3 Article Concussion treatment after combat trauma: development of a telephone based, problem solving intervention for service members. 2015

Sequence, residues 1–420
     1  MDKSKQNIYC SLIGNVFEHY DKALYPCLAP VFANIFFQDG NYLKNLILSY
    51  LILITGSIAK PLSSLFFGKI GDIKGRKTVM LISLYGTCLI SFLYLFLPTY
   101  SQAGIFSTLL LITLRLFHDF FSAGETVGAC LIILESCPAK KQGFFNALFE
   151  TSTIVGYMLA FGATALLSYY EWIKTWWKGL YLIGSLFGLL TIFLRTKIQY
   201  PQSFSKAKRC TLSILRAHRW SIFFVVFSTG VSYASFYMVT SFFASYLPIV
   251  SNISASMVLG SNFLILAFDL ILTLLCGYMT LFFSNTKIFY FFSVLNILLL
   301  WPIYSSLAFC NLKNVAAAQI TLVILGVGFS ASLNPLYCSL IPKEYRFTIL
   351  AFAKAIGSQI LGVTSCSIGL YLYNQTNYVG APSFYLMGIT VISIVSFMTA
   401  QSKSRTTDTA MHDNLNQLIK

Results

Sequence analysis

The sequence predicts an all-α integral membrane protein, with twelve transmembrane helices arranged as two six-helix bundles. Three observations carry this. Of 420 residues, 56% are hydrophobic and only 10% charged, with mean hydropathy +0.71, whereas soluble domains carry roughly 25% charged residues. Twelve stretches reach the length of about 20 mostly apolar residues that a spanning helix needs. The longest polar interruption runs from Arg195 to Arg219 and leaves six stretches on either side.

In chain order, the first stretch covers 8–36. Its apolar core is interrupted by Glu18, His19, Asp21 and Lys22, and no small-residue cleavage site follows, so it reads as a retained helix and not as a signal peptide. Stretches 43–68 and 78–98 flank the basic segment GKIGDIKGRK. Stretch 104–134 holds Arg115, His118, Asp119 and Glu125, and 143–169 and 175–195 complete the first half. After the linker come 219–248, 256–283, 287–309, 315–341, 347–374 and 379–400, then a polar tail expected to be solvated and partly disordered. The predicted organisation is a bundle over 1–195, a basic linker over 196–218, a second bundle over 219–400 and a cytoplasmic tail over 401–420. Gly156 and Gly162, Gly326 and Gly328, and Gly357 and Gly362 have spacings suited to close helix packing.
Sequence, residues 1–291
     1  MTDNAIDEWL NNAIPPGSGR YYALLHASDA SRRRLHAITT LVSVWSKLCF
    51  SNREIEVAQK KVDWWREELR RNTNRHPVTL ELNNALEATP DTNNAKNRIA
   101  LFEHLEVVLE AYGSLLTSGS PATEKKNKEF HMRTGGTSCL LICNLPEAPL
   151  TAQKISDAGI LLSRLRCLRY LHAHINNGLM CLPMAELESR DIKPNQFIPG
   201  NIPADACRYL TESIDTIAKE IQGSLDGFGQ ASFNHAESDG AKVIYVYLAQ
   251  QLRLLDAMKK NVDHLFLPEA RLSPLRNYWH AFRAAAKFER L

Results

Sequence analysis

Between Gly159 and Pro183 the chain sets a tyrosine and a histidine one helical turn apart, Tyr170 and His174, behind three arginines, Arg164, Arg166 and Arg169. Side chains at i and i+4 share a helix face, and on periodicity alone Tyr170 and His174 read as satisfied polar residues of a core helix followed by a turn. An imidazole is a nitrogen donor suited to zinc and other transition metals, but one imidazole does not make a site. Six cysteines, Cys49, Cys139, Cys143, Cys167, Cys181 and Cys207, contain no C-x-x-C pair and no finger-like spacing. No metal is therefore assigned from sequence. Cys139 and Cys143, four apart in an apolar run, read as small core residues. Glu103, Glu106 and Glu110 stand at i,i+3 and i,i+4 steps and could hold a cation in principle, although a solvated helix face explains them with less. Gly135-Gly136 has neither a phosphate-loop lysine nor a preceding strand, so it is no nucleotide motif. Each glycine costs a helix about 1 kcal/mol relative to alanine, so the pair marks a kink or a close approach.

Bell, Kathleen R / Brockway, Jo Ann / Fann, Jesse R / Cole, Wesley R / St De Lore, Jef / Bush, Nigel / Lang, Ariel J / Hart, Tessa / Warren, Michael / Dikmen, Sureyya / Temkin, Nancy / Jain, Sonia / Raman, Rema / Stein, Murray B. ·Department of Rehabilitation Medicine, University of Washington, 1959 NE Pacific Street, Seattle, WA 98195, United States. Electronic address: krbell@uw.edu. · Department of Rehabilitation Medicine, University of Washington, 1959 NE Pacific Street, Seattle, WA 98195, United States. Electronic address: brockja@uw.edu. · Department of Psychiatry and Behavioral Sciences, University of Washington, 1959 NE Pacific Street, Seattle, WA 98195, United States. Electronic address: fann@uw.edu. · Defense and Veterans Brain Injury Center, General Dynamics Information Technology, Department of Brain Injury Medicine, WAMC, Fort Bragg, NC 28310, United States. Electronic address: wesley.r.cole.ctr@mail.mil. · Department of Neurological Surgery, University of Washington, 325 9th Avenue, Seattle, WA 98104, United States. Electronic address: saint@uw.edu. · National Center for Telehealth and Technology, 9933 West Hayes Street, Joint Base Lewis McChord, Tacoma, WA 98431, United States. Electronic address: nigel.e.bush.civ@mail.mil. · Department of Psychiatry, University California San Diego, 9500 Gilman Drive (MC 0855), La Jolla, CA 92093, United States. Electronic address: ajlang@ucsd.edu. · Moss Rehabilitation Research Institute, 50 Township Line Road, Elkins Park, PA 19027, United States. Electronic address: thart@einstein.edu. · Clinical Psychology Doctoral Intern, Fielding Behavioral Health, 10200 132nd Street, Kirkland, WA 98034, United States. Electronic address: mwarren@email.fielding.edu. · Department of Rehabilitation Medicine, University of Washington, 1959 NE Pacific Street, Seattle, WA 98195, United States; Department of Neurological Surgery, University of Washington, 325 9th Avenue, Seattle, WA 98104, United States. Electronic address: dikmen@uw.edu. · Department of Rehabilitation Medicine, University of Washington, 1959 NE Pacific Street, Seattle, WA 98195, United States; Department of Neurological Surgery, University of Washington, 325 9th Avenue, Seattle, WA 98104, United States; Department of Biostatistics, University of Washington, F-600, Health Sciences Building, Box 357232, Seattle, WA 98195, United States. Electronic address: temkin@uw.edu. · Department of Family and Preventive Medicine, University of California, 9500 Gilman Drive, La Jolla, CA 92093, United States. Electronic address: sojain@ucsd.edu. · Department of Family and Preventive Medicine, University of California, 9500 Gilman Drive, La Jolla, CA 92093, United States. Electronic address: reraman@ucsd.edu. · Department of Psychiatry, University California San Diego, 9500 Gilman Drive (MC 0855), La Jolla, CA 92093, United States; Department of Family and Preventive Medicine, University of California, 9500 Gilman Drive, La Jolla, CA 92093, United States. Electronic address: mstein@ucsd.edu. ·Contemp Clin Trials · Pubmed #25460344.